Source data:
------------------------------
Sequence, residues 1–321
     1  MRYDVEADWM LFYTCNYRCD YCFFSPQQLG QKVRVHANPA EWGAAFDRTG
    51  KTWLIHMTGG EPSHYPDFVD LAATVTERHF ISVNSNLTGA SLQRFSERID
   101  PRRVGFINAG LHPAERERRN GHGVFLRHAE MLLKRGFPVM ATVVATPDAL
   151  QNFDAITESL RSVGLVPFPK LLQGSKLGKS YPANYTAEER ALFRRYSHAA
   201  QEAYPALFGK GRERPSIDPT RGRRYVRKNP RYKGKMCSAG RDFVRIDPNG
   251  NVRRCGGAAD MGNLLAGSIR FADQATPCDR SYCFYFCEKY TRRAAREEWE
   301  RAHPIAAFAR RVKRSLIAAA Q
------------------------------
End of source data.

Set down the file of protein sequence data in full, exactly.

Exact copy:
Sequence, residues 1–321
     1  MRYDVEADWM LFYTCNYRCD YCFFSPQQLG QKVRVHANPA EWGAAFDRTG
    51  KTWLIHMTGG EPSHYPDFVD LAATVTERHF ISVNSNLTGA SLQRFSERID
   101  PRRVGFINAG LHPAERERRN GHGVFLRHAE MLLKRGFPVM ATVVATPDAL
   151  QNFDAITESL RSVGLVPFPK LLQGSKLGKS YPANYTAEER ALFRRYSHAA
   201  QEAYPALFGK GRERPSIDPT RGRRYVRKNP RYKGKMCSAG RDFVRIDPNG
   251  NVRRCGGAAD MGNLLAGSIR FADQATPCDR SYCFYFCEKY TRRAAREEWE
   301  RAHPIAAFAR RVKRSLIAAA Q